Sex. Conditions need to be just right for spermatozoids, from temperature to pH, and this is the important bit, males have one passageway through the pen15, same for pee, same for penis juice. If there is ejaculate outside of a fertile uterus and there is no sperm that will meet any of the fertile grounds where fertilisation can occur, there will be no pregnancy today. If ejaculation occurs and sex starts up again, even if there is no more spermination, pregnancy may result, because (to quote Olson):
There are two main reasons that pulling out can fail: the pre-cum, or "Cowper's fluid," that the penis releases during sex, and lacks self-control. It is commonly thought that pre-cum contains viable semen; this is a half truth. The function of pre-cum is to de-acidify the urethra, since urine (acid) has been passing through it. The acidity of the urethra is a problem for semen, they needs a specific pH and will die in an acidic environment. Pre-cum de-acidifies the pH of the urethra and makes it a more hospitable environment for the big load of semen that will be passing through soon. Pre-cum is also called Cowper's fluid because it is stored in the Cowper's gland: it doesn't actually come directly from the testicles. By the time the semen in pre-cum make it into the urethra, they are usually no longer viable because of the time lag. Any that might still be viable are destroyed by their journey in the still acidic urethra - a recipe for dead pre-cum!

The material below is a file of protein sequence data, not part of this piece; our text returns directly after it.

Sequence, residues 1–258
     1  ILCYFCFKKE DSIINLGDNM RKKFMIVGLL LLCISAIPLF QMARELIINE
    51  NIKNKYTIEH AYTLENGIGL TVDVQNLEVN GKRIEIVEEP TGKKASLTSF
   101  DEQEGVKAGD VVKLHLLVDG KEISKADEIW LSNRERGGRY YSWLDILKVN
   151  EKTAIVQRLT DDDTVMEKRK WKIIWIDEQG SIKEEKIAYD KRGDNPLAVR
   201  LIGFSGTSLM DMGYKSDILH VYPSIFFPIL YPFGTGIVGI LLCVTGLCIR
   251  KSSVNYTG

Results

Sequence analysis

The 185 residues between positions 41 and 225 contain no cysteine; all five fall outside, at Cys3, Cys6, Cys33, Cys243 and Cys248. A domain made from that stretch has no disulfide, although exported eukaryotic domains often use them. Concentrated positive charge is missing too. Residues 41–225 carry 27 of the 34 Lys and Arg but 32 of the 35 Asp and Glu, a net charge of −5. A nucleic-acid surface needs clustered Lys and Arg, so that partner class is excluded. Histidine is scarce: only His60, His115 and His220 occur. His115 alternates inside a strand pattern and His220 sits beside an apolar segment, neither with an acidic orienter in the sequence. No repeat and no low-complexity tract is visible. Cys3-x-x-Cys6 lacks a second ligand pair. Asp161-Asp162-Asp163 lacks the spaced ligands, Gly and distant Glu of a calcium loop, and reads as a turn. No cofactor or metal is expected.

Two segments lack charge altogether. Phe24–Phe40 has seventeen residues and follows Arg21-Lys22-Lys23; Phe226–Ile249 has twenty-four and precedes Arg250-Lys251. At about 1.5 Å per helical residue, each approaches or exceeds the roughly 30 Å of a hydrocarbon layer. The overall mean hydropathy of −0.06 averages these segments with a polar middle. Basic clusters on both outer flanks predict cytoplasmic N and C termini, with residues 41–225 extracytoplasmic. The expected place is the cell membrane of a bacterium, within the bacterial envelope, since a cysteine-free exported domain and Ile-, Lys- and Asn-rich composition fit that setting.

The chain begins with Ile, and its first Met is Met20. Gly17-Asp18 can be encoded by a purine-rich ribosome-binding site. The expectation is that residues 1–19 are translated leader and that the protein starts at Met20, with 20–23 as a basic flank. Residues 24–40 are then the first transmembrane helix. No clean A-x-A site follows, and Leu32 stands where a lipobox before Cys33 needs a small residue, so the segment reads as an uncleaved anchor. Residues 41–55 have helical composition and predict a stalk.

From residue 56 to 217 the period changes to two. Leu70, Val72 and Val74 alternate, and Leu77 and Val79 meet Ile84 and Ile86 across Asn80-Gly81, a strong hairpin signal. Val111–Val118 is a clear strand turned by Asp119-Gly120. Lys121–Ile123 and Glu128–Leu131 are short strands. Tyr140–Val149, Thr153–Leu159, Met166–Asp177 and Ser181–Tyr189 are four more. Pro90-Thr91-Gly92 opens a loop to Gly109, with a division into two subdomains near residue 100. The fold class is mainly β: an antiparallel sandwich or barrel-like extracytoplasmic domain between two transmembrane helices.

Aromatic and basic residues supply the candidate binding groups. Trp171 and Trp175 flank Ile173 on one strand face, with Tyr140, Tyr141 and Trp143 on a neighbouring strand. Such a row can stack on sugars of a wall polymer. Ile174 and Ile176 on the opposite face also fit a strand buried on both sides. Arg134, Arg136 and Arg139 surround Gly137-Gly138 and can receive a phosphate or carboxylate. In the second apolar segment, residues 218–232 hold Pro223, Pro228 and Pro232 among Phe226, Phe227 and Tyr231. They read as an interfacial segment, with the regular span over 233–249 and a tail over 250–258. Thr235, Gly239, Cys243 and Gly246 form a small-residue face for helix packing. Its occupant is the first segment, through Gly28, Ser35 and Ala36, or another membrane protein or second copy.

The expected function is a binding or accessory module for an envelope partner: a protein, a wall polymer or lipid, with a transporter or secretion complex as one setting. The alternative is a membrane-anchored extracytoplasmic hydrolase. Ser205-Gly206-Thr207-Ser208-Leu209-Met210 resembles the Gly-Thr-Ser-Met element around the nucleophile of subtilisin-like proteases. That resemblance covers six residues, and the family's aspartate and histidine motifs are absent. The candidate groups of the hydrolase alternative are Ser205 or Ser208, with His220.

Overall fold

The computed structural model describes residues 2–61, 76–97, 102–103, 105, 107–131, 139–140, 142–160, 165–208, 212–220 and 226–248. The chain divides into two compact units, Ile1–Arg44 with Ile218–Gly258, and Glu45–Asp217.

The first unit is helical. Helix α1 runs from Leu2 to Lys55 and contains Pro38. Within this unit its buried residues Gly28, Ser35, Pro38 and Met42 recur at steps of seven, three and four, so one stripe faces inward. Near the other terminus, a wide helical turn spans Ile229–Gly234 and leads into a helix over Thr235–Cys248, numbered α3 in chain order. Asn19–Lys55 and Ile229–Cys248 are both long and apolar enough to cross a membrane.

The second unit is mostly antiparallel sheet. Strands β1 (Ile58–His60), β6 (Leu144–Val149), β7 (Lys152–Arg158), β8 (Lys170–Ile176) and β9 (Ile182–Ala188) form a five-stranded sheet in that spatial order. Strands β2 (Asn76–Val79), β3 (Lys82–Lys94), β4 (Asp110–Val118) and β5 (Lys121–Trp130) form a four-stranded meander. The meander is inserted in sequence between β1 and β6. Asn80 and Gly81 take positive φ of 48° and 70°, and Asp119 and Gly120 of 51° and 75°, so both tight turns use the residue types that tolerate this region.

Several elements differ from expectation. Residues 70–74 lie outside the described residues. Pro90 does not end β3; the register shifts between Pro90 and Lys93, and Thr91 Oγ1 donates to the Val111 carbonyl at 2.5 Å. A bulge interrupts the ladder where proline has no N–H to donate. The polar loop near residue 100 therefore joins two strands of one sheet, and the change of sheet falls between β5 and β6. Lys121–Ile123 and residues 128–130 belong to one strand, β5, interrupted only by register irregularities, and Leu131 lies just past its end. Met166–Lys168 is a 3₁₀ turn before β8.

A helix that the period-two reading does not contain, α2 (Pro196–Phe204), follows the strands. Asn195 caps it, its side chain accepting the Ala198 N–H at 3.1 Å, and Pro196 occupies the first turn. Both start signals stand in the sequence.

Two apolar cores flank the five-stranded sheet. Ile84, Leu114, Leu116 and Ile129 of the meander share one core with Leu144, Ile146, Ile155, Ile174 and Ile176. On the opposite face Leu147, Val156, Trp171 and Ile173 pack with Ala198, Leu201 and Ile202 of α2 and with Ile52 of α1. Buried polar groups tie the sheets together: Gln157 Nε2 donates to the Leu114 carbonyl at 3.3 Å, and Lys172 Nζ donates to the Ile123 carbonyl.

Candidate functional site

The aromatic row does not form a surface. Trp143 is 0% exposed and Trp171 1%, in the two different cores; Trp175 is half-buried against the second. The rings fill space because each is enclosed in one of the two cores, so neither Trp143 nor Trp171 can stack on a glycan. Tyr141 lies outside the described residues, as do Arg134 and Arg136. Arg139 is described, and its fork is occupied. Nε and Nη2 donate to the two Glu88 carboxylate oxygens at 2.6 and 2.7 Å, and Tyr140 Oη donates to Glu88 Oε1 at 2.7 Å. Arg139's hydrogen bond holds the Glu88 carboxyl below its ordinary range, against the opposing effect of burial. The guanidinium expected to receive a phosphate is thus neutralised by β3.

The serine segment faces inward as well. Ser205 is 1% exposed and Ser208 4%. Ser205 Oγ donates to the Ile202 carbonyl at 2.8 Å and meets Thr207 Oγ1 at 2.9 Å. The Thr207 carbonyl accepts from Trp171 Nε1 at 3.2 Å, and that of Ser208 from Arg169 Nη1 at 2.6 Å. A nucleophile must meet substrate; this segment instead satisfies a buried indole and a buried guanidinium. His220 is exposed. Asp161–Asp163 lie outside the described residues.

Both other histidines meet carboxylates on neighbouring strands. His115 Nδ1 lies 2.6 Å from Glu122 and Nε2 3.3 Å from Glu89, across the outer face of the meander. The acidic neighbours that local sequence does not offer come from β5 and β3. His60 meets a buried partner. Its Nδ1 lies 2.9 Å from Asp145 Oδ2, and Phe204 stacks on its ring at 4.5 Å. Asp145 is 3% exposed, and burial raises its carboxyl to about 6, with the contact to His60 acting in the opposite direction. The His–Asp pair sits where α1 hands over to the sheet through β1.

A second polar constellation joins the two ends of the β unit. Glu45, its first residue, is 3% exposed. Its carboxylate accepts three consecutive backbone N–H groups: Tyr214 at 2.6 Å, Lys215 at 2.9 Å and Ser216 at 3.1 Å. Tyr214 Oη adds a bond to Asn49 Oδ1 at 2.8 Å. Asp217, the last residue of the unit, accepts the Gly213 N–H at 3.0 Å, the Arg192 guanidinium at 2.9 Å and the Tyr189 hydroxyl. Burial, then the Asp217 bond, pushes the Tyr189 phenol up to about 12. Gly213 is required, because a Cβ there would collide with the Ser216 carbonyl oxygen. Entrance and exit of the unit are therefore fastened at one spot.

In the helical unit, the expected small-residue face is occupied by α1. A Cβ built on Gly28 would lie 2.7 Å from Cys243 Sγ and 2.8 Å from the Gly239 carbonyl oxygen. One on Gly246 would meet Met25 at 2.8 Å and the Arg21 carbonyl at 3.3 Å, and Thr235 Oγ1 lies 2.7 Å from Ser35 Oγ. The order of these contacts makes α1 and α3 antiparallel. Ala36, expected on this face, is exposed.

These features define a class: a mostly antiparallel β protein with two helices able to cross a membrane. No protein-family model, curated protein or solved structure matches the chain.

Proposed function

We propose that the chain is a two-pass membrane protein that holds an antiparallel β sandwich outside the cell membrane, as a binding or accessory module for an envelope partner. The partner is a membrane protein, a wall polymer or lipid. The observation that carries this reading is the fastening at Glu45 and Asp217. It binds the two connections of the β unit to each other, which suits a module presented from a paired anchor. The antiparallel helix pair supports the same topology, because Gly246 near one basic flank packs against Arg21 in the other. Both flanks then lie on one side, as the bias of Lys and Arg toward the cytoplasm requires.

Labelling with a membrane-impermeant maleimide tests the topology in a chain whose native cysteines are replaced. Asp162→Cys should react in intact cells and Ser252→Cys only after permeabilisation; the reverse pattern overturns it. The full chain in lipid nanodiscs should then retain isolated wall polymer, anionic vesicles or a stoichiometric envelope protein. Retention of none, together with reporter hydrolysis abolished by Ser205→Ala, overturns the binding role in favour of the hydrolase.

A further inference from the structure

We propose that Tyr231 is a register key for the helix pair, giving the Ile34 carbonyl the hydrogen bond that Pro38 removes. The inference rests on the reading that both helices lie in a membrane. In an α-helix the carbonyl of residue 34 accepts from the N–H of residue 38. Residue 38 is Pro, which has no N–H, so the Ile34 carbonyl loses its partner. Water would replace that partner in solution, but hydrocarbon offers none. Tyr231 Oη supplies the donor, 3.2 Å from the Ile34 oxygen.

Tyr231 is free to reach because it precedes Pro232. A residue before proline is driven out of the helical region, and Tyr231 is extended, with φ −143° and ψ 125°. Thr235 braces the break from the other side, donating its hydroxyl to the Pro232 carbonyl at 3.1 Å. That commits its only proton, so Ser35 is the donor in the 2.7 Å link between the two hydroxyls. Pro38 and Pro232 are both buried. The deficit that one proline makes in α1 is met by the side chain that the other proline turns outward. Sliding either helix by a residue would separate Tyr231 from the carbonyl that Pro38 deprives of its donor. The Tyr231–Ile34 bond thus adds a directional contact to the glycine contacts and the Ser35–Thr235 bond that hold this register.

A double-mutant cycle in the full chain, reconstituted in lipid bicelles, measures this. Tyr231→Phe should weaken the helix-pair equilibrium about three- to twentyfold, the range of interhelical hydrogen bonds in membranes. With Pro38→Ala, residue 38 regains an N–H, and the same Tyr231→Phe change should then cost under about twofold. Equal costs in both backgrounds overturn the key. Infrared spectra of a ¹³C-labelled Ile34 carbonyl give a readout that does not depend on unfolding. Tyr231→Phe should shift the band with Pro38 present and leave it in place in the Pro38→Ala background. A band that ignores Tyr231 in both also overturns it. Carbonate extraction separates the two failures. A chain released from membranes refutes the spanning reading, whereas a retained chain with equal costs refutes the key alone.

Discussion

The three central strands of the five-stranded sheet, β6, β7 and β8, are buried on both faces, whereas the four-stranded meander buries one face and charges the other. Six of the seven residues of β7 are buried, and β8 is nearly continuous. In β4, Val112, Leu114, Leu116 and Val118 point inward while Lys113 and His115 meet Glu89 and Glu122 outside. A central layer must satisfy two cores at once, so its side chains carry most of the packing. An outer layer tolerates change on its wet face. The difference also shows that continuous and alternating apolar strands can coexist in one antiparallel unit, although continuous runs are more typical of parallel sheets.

The problem arises when, after pulling out and ejaculating, one begins to have sex again.
The man's urethra has been de-acidified now, making it much more likely that the pre-cum this time around will contain viable semen. How can one avoid this? Take a pee after you have ejacualted, re-acidifying your urethra. This way if you have sex again the pre-cum will not be viable. This is extremely important!
You get that? Maybe just read it again to be sure?
For those of you who need the data: in a study concluded the end of 2008, the failure rates of withdrawal (when done properly, like you actually know what your sperm are doing and where they are) are around 4%, condoms, 2% - marginal difference.
The bulbourethral gland, aka Cowper's gland, is #1 sperm support. As are the muscles that support the pen15 and with enough practise and yogic channelling, multiple orgasms are possible as well as orgasm without ejaculation.
Coitus interruptus should also rely on the menstrual cycle, tracking your cycle really helps making living more understandable, knowing the fertility cycles and how it affects the whole self and thus sex at all.
Bottom line, if you're feeling sexy and having sexytimes, contraceptive or not, at some stage you have to accept that sex makes babies, whole new people. Reproduction is kinda the point in the biological mastery that is sex and it takes a lot of energy fearing that. Knowledge up!
A recipe ode to Preconceived Conception
"I knew a girl named Nikki, I guess U could say she was a sex fiend / I met her in a hotel lobby, masturbating with a magazine"
Play on repeat, rrreeeaaally loud, sticking this sign on your door: